Posted on Feb 25, 2020, 6 p.m.
Potatoes may well be the most commonly consumed vegetable in America, even though they have been given a bad reputation, most likely due to their uses in fried foods which makes people consider them to be an unhealthy food choice.
Despite the bad rap, nutritionists at Pennsylvania State University suggest that one medium potato a day can be part of a healthy diet, and it will not increase the risk of having diabetes, heart disease or stroke, as long as it is steamed or baked and it is prepared without adding too much salt or saturated fats.
In the study published in the British Journal of Nutrition eating non-fried potatoes also led to higher potassium and fiber intake when compared to eating refined grains such as white rice, white bread, or pasta.
“Certainly eating chips or french fries should be discouraged, but there are healthy ways to prepare potatoes, so I do think that lumping them all together is a little bit unfair to the poor potato,” said Emily Johnston, study co-author and a doctoral student in the department of nutritional sciences at Penn State. “We don’t want people to fear the potato, but we want to make sure that they eat it in a healthful way and in a controlled portion size.”
50 healthy adults were recruited for this study to examine the effects of consuming potatoes every day compared to the same number of calories in refined grains. Participant baseline blood pressure and arterial stiffness was measured at the beginning of the study, and blood samples were tested for fasting glucose, cholesterol, insulin, and other markers repeatedly throughout the study.
Participants were randomly assigned to replace their usual main meal side dishes with a study dish of either 200 calories worth of potatoes or refined grains as prepared by the Metabolic Diet Study Center at Penn State every day for 4 weeks. After a two week break participants switched their study dish for the other for an additional month.
The study dishes consisted of steamed or baked red, white, and gold spuds for the potatoes dish; the refined grain option was Spanish rice, pasta, garlic bread, or naan bread. All meals were prepared with minimal added salt, saturated fat or sugar and minimal ingredients being added for taste such as scallions, onions, cheese, or breadcrumbs.
Potassium and fiber intake was revealed to be significantly higher when eating potato options compared to refined grains; diet quality was also higher which was driven by higher vegetable intake. No evidence was found that consuming potatoes increased fasting glucose levels, there was no difference in cholesterol, insulin or other markers and the researchers concluded that there were no adverse cardiometabolic consequences.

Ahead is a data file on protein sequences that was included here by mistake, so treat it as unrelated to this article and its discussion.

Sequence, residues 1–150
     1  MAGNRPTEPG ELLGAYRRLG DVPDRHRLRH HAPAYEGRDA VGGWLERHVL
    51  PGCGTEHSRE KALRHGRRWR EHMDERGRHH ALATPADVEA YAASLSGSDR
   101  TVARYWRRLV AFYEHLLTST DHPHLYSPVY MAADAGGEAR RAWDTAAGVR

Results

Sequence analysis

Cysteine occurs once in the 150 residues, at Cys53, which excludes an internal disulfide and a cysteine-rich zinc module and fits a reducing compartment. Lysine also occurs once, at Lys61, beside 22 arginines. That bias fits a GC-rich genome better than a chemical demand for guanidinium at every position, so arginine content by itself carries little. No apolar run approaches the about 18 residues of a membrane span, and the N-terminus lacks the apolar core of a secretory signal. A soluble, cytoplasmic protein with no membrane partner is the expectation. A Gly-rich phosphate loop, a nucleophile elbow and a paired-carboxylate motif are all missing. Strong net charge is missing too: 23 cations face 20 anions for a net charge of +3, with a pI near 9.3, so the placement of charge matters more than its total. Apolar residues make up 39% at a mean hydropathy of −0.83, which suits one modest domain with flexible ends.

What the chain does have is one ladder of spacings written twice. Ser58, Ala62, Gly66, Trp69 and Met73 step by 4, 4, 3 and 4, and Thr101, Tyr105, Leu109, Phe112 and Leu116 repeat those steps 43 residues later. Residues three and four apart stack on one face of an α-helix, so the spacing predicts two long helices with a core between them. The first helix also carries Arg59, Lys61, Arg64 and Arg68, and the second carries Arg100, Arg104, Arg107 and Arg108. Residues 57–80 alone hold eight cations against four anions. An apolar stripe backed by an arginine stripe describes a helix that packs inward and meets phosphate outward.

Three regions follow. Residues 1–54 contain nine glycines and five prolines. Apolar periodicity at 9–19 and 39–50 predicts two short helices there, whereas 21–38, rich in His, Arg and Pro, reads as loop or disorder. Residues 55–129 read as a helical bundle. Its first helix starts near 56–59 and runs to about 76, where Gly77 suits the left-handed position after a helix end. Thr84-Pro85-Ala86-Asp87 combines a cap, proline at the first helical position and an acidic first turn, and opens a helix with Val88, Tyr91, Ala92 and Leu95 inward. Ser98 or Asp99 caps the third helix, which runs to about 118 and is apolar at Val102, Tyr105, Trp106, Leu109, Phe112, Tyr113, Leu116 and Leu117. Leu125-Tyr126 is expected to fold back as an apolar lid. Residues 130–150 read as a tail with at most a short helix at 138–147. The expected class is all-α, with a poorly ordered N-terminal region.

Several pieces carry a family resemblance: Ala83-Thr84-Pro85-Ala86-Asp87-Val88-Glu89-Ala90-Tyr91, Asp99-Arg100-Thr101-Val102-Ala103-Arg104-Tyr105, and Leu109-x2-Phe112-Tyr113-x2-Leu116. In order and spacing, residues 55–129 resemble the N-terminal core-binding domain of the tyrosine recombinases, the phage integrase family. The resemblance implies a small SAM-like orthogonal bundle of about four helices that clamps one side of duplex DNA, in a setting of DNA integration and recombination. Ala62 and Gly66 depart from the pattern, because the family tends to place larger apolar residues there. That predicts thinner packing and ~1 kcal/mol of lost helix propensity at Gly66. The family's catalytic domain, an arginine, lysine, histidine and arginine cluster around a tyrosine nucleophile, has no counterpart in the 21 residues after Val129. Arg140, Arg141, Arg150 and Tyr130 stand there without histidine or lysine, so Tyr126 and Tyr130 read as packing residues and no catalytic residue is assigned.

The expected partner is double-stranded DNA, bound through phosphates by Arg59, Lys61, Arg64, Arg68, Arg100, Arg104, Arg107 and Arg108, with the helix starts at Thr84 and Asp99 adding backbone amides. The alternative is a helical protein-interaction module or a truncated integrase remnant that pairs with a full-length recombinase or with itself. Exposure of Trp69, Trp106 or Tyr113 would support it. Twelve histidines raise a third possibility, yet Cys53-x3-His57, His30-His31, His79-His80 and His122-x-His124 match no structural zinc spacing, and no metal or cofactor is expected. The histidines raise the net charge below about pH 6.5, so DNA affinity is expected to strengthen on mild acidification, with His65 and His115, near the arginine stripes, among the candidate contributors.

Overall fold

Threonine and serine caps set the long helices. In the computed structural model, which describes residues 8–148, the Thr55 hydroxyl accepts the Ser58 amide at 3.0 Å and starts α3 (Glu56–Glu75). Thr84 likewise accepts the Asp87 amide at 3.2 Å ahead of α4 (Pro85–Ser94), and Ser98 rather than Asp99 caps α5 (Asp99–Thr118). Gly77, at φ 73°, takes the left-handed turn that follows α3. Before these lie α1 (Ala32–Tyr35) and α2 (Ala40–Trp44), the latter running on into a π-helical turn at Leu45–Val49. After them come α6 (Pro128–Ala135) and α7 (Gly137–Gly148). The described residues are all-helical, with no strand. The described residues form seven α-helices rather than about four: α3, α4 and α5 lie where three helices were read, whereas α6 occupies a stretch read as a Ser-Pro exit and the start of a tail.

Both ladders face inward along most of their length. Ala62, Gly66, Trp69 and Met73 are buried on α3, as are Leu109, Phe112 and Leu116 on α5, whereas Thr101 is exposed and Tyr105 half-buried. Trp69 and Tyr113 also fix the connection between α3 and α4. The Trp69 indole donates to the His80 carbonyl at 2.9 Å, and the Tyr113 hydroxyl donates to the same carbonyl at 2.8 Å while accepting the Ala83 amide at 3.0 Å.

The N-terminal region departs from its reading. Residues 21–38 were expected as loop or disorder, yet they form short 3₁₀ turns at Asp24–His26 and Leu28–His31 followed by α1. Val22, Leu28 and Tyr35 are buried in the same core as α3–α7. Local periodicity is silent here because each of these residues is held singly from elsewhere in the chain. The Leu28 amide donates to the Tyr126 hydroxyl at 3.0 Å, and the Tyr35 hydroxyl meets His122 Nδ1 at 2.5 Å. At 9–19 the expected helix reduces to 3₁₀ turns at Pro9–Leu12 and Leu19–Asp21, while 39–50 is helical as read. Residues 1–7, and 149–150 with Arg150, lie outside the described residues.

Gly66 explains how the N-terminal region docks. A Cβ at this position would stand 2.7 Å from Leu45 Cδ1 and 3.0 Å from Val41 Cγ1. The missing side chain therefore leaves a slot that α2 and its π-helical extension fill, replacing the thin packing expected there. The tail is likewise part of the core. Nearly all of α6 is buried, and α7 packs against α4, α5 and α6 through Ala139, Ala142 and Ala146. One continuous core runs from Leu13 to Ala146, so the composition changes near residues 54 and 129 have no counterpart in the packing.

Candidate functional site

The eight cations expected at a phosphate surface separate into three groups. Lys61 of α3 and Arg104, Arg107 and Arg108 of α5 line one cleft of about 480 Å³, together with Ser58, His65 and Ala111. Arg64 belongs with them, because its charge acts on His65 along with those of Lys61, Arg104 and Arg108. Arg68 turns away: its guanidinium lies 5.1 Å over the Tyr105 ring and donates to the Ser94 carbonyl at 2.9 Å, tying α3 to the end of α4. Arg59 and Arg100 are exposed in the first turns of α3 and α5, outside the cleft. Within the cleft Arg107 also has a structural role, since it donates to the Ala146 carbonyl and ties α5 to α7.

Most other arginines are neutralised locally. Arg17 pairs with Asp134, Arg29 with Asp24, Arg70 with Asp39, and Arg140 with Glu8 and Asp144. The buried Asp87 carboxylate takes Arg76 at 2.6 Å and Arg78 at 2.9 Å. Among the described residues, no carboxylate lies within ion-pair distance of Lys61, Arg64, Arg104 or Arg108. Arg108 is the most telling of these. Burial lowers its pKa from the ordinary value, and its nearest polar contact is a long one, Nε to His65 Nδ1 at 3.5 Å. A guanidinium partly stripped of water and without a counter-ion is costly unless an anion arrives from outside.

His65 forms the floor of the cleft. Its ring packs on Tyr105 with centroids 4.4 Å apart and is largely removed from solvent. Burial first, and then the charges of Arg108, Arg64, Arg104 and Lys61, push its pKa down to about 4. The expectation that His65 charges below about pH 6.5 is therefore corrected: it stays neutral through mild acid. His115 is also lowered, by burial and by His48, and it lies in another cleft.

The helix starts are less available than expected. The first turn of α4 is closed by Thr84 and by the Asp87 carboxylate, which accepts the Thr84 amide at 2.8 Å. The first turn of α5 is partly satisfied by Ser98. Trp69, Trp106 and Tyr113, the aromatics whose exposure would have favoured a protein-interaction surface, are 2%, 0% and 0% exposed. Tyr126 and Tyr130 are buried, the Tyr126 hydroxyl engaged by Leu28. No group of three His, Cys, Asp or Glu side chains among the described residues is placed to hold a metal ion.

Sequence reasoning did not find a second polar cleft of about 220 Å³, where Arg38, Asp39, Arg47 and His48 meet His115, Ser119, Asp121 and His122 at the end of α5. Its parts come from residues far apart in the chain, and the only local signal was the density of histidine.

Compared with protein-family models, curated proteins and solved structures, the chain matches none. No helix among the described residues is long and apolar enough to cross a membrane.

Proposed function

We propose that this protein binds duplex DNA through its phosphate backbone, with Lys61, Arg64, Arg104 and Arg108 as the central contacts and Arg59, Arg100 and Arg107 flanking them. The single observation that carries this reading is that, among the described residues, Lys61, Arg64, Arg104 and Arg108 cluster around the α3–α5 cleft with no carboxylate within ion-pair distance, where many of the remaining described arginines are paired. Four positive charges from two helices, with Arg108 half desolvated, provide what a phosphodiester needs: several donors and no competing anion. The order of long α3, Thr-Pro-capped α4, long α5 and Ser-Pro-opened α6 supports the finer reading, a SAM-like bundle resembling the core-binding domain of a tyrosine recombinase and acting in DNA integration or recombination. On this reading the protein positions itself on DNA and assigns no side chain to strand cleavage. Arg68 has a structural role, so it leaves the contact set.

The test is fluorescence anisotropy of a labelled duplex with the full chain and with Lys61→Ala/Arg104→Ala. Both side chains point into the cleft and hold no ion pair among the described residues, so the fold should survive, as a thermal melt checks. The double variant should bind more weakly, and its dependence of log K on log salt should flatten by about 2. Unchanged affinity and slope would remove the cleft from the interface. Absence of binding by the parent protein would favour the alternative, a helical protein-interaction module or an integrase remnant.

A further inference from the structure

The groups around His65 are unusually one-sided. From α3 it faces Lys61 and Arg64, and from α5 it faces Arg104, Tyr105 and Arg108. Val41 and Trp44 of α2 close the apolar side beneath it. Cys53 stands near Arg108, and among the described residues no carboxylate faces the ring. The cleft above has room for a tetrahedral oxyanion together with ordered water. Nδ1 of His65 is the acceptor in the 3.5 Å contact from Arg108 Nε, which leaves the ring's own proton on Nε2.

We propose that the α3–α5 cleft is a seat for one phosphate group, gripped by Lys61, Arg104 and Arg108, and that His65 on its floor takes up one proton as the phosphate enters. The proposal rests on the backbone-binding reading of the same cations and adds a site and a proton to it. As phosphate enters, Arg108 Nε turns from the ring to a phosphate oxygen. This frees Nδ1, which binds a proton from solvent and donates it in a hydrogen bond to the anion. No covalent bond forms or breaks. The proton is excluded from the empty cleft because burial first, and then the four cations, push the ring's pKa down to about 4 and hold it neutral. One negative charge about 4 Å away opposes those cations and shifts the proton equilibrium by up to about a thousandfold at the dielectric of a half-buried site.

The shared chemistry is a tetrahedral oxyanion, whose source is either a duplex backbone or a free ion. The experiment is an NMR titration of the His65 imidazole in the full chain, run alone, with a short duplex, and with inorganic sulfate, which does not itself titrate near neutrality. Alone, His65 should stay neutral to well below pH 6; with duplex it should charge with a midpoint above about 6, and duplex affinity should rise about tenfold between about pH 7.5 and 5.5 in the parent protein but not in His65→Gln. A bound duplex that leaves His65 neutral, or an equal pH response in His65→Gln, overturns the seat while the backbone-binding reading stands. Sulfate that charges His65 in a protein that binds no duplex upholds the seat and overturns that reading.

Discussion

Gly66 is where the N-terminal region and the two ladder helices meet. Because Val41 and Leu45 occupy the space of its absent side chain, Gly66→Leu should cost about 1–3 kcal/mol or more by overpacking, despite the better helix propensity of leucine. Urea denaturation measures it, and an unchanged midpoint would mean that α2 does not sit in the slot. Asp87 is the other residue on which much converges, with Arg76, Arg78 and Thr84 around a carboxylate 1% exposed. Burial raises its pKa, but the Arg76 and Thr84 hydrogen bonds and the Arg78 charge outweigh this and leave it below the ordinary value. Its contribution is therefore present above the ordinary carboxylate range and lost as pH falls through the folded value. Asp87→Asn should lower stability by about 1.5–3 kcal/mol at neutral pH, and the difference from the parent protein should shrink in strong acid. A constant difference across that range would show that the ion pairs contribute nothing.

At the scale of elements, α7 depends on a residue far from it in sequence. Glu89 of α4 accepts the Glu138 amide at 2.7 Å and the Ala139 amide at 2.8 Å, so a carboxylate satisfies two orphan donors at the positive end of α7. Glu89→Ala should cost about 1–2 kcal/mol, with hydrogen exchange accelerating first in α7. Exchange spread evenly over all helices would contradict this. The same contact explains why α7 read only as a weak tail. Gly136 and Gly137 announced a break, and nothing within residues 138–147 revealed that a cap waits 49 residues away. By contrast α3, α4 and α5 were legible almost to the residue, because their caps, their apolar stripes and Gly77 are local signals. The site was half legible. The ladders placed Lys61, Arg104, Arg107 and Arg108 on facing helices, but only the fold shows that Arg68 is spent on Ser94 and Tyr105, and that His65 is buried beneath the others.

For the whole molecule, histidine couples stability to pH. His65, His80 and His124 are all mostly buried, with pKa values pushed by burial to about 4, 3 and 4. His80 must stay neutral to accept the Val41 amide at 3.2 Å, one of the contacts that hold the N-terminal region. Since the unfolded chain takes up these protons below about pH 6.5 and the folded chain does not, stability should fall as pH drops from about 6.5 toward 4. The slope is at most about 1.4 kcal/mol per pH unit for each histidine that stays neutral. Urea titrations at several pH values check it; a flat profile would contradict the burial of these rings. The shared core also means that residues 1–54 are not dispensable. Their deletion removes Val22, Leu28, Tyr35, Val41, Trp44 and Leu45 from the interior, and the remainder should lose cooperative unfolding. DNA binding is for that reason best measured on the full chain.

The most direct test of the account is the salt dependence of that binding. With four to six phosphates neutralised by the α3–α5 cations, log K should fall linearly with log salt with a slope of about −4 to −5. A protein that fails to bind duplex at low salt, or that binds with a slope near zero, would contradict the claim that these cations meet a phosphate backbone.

Potatoes are a great source of potassium which is important for blood pressure regulation. According to the US CDC almost half of Americans have hypertension, says Johnston. Potatoes can be a part of a healthy diet; one medium baked potato can contain 4 grams of fiber, 4 grams of protein, 50% of the recommended daily intake of vitamin C, 25% of the RDI for potassium, one third of the RDI for vitamin B6, and 10% of the daily recommended intake of iron.
Potato side dishes should be no more than one fourth of your entire plate, portion size is key. One portion is roughly one medium potato which is about the size of a computer mouse. Stick to baking, roasting, or steaming as boiling can leach out nutrient content and frying is just a nutritional deal breaker. When it comes to potatoes try to skip the extras, go extra easy on the salt and try to avoid loading up with butter, bacon bits, or sour cream.
“We certainly want people to eat more non-starchy vegetables because we know the average American intake is well below recommendations,” Johnston said. “But starchy vegetables and refined grains do contribute some important nutrition as well, it’s just that we need to make sure we eat them in balance.”
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This article is not intended to provide medical diagnosis, advice, treatment, or endorsement.